A beleagured President François Hollande went on the offensive today calling for an “economic government” for the Eurozone and “political union” in Europe within two years.
Stung by accusations that he has been too passive in his first year in office, Mr Hollande rolled the dice on the future of the European Union - to the potential embarrassment of both David Cameron and the German chancellor, Angela Merkel.
In a two hour press conference at the Elysee Palace, Mr Hollande announced a string of new initiatives including a four point plan for rapid progress towards a more federal Europe.
“It is my duty to extricate Europe from its slump and reduce the disaffection of its peoples which threatens the very future of the European Union,” Mr Hollande said.
He said that he would demand the creation of an “economic government” for the Eurozone which would meet every month to discuss ways of promoting growth. He would push for a “political union” - a step towards a federal state - in the wider EU within two years. The French president also called for the harmonisation of EU taxes and a “European energy policy”.
Mr Cameron might take a relaxed view of a Eurozone government but all the other proposals run directly contrary to his vision of a looser, less centrally controlled EU to put before a British in-out referendum after the next election. Mr Hollande's “four points” are also a direct challenge to the German chancellor, who often speaks of the need for more European “integration” but blocks moves in that direction.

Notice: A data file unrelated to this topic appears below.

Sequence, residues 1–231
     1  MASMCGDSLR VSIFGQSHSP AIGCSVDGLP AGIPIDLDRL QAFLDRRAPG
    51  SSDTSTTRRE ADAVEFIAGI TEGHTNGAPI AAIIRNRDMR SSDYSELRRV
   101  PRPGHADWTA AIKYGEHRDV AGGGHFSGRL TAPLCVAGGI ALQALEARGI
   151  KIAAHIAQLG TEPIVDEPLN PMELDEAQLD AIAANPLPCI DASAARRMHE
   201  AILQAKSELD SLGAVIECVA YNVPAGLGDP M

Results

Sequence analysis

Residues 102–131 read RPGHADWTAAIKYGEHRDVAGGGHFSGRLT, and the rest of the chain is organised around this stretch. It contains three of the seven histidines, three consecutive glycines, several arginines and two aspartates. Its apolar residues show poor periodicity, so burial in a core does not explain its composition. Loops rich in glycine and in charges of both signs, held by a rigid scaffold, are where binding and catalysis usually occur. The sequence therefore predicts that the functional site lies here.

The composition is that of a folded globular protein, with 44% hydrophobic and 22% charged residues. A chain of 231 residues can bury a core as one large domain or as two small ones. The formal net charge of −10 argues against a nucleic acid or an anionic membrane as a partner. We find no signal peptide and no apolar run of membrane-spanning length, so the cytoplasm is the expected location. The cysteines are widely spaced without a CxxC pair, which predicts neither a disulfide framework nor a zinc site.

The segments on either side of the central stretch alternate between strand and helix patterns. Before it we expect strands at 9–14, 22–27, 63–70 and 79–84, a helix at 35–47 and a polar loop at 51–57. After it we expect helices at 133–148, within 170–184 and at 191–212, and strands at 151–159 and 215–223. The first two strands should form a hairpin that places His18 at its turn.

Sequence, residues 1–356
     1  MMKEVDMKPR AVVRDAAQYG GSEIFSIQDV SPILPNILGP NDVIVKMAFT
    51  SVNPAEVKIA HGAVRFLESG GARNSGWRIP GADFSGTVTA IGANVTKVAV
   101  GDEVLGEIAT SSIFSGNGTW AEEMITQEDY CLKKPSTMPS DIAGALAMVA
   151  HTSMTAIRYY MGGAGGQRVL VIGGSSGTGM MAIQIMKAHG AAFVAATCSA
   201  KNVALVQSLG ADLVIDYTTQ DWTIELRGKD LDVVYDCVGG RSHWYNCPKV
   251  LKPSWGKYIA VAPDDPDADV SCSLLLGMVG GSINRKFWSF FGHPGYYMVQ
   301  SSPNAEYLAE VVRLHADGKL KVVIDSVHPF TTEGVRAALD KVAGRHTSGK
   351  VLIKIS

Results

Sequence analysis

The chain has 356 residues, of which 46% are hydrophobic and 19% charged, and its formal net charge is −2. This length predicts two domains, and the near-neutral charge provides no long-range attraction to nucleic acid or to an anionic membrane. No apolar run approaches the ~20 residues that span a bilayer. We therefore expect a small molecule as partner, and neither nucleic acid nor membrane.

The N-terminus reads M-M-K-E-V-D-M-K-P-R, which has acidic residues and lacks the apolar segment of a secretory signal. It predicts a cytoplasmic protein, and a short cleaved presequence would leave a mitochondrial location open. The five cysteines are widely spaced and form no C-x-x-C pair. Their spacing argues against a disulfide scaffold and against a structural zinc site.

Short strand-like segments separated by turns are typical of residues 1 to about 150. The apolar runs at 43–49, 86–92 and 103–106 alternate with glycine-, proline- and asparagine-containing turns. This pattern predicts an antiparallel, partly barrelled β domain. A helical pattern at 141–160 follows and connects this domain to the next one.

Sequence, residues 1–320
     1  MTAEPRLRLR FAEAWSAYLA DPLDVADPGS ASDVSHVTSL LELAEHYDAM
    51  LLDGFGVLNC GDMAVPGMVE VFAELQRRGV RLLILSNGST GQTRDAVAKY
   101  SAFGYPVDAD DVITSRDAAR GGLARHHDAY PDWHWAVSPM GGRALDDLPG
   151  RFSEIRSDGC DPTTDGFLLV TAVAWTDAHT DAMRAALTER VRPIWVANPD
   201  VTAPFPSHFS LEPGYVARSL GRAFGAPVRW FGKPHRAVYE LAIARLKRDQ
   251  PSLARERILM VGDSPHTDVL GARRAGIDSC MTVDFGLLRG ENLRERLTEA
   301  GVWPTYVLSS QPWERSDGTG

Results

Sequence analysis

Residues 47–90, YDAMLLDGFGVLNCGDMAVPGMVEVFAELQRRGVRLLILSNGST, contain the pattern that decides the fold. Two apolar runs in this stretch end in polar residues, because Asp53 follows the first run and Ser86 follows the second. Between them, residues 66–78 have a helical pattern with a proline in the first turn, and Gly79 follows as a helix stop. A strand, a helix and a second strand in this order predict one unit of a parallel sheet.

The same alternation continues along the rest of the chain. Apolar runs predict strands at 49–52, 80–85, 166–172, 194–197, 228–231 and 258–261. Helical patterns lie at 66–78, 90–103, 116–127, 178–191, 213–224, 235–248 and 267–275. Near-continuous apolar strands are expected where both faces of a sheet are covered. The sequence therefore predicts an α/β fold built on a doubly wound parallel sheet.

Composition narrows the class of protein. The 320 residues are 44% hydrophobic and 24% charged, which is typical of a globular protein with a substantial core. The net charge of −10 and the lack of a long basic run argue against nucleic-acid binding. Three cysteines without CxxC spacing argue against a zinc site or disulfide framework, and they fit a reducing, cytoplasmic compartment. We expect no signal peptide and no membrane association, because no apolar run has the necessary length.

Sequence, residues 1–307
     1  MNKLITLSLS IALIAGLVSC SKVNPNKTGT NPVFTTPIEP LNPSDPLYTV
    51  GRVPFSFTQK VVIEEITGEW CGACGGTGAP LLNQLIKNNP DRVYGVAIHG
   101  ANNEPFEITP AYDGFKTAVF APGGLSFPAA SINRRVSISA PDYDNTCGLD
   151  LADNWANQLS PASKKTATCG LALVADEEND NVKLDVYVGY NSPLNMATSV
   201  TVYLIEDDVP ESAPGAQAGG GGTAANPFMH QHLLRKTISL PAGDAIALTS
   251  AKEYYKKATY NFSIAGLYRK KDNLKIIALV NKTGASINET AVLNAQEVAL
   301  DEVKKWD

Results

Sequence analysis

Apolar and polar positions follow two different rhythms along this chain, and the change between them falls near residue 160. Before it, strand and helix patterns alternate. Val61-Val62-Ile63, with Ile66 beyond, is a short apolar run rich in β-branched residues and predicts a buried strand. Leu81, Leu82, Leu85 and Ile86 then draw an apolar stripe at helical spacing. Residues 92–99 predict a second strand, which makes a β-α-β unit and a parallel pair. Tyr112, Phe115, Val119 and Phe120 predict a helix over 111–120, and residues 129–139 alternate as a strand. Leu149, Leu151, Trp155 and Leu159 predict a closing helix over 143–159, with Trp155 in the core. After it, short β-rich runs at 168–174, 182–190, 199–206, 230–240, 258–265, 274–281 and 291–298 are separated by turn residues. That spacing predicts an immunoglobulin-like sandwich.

President Hollande was speaking the day after official statistics showed that France had fallen back into recession in the first quarter of this year for the third time since 2008. He is under increasing fire from both the Right and his own Centre-left for his allegedly muddled approach to the economic crisis in his first year in office.
In an attempt to give a shape, or narrative to his policy, he told the press conference that he had spent the first year on the “defensive”. He now planned to go on the “offensive”.
His first twelve months had concentrated on reforms to “defend” France's economy, sovereignty and social model, he said. His “year two” offensive would be spearheaded by European initiatives because there was no hope of “rekindling growth” in France without job-creation, and growth-promotion activities at EU-level.
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